Solomon’s comment about his father’s famous fight resonated with me as a reader from the get-go. “Everyone always says: ‘And David defeated Goliath,’” the boy tells David. You get the feeling Anaya is commenting on how widespread the “David and Goliath” story has become. We call underdog narratives “David and Goliath” stories to epitomize the struggle of the weak against the strong or the small against the big. It’s one of David’s defining moments, frequently reinterpreted in other forms of media (like that time a little asparagus took down a giant pickle). Anaya wisely sidesteps this pervasive plot for a more introspective look at other aspects of David’s life.
We’re introduced to a shepherd watching his small flock yet trusting God in moments of peril or crisis. The issue’s second half details an incident where David rescues a missing sheep from a hungry bear, showing the boy’s courage and faith from a young age. This particular story isn’t specifically biblical – we know, according to 1 Samuel, that David protected his sheep from a bear, even if the details are limited – but that isn’t a problem to get hung up on. Anaya delivers details readers wouldn’t necessarily be provided from the biblical text, not to inflate the story but to give a visual interpretation of what could have occurred. As a result, he constructs an engaging sequence that’s suitably action-packed but clean for his younger readers while relying on themes of courage and trust.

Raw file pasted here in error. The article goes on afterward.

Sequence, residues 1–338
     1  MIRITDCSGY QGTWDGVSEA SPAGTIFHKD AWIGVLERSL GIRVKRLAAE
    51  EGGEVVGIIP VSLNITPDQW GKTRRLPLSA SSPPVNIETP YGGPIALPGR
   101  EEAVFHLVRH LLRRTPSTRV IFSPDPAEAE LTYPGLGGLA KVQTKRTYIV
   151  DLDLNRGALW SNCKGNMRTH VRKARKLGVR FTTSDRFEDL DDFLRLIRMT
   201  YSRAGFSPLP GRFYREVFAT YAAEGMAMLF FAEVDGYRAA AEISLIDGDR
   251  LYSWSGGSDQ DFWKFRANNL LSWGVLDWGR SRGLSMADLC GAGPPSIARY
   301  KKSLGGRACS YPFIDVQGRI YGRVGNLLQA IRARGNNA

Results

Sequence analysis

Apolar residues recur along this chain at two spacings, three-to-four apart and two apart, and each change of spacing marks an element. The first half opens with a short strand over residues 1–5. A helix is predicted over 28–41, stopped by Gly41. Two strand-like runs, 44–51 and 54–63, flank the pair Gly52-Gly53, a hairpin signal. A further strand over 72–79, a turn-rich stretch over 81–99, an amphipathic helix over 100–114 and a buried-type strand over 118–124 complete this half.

Not all who Wander…
Here and there, Anaya takes a few creative liberties with his source material, but I believe readers would be hard-pressed to complain. David realizes he needs to rescue his missing lamb – a Disney-esque animal sidekick named “Sheepy” – after counting 99 of the 100 sheep in his flock. Anaya, it appears, associates David’s story to Jesus’ parable about the missing sheep. The first episode of the second season of The Chosen used a similar tactic. Jesus, while delivering a sermon, converses with a shepherd who recounts finding a lost sheep. Again, the Bible doesn’t specifically ascribe the lost sheep parable to this individual or David, but both the show and Anaya are making a point. What matters is the story’s message, not the details. By finding Sheepy, David reinforces his trust in God; his story becomes a lesson for us, with David a stand-in for a God who seeks us out when we wander.
This same process also allows Anaya to introduce some tongue-in-cheek humor. During a conversation with Sheepy, David explains that he is a shepherd to the flock just as God is David’s shepherd. Immediately afterward, he mentally notes that he should write those words down (“The Lord is my shepherd…”), a clever nod to David’s contributions to the Psalms. Granted, this level of humor will be most beneficial to readers “in the know,” as it were, capable of catching Anaya’s links to Scripture. But the biblical references themselves point not only to Anaya’s own understanding but his ability to creatively anchor his narrative in faith. Instead of forcing heaps of verses upon his young readers, he ties Scripture into the story itself.